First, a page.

Anti-Islam Film Producer Wrote Script in Prison: Authorities
(NEW YORK) -- The controversial Innocence of Muslims was written, produced and directed by a convicted drug manufacturer and scam artist, who has told authorities he actually wrote the script in federal prison and began production two months after his June 2011 release from custody.
Authorities say Nakoula Basseley Nakoula, 55, of Cerritos, Calif., admitted his role in the film, after seeking help from law enforcement in dealing with death threats he has received since the release of the film. Excerpts from the film led to outrage and violence in the Arab world.
Authorities told ABC News that Nakoula told them he and his son, Abanob Basseley, 21, were responsible for producing the movie which, he reportedly said, cost between $50,000 and $60,000 and was shot in a little over 12 days.
Authorities say he claimed the money for the movie came from his wife's family in Egypt.
Using the false name Sam Basile, Nakoula had told reporters earlier this week that he was an "Israeli Jew," that the film had cost about $5,000,000, and that the money had come from wealthy Jewish friends.
Now he is "scared to death," authorities told ABC News, and fearful that harm could come to his wife and other family members. But most of the threats have been directed at him, authorities said.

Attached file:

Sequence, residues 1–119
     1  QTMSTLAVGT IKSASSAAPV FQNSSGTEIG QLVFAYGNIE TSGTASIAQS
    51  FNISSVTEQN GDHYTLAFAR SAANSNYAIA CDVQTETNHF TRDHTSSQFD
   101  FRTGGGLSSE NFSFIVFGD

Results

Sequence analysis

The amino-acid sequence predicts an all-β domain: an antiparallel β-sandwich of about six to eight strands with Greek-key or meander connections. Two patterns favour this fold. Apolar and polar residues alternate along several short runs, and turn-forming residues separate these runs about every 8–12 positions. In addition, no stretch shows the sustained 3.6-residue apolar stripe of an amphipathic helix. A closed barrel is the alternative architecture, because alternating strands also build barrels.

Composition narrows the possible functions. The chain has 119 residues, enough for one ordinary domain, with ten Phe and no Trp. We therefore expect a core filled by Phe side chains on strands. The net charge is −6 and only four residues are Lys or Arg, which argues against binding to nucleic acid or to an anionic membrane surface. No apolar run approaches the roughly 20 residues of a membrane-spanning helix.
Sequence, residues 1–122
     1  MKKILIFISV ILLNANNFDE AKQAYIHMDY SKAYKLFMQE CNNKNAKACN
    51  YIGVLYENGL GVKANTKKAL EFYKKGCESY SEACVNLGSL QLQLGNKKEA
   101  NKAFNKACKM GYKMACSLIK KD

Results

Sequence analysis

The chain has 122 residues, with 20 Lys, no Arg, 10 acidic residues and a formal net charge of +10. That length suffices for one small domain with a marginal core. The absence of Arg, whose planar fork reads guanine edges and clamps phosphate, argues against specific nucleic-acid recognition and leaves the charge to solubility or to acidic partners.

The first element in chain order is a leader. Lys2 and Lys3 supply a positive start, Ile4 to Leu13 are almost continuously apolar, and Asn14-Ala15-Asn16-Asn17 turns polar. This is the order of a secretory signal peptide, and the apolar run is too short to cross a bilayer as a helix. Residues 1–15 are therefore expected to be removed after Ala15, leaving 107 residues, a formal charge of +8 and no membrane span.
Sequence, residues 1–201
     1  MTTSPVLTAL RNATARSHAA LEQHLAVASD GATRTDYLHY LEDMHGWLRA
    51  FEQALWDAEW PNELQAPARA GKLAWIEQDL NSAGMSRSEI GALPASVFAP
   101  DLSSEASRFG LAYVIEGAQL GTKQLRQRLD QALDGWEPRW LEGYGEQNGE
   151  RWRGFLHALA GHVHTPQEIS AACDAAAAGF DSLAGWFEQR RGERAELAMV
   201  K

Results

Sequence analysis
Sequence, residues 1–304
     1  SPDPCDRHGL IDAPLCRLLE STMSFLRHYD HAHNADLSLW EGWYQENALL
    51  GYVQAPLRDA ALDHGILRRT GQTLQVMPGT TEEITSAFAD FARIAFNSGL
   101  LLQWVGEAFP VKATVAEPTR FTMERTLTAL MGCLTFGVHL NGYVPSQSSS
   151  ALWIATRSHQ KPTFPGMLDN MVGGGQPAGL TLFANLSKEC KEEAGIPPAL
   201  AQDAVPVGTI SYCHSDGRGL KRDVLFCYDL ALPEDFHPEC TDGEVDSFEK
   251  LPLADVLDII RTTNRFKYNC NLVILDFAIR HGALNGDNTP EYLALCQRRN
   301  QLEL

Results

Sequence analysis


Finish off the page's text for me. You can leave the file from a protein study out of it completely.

According to California law enforcement officials the other members of the team that produced the movie are also fearful that harm could come to them. Authorities were seeking to talk to each of them.
Records obtained by ABC News show Nakoula was convicted of intent to manufacture methamphetamine in the 1990s, and also served time in federal prison on bank fraud charges, where he told authorities he wrote the script.
Sentenced to 21 months in prison and five years on probation, Nakoula was moved from the federal correctional complex in Lompoc, Calif. to a halfway house in 2010, according to the website The Smoking Gun. He was released from federal custody in June 2011 and production on the film began just two months later at a soundstage in Southern California.
Actors in the film say that they were told the film was called "Desert Warrior," and say that the script contained no references to Mohammed. Actress Cindy Lee Garcia told ABC News, "I never heard Mohammed, I never said Mohammed." Specific references to Mohammed and Islam were apparently added via overdubbing.
"I just want the world to know that I did not know," said Garcia.
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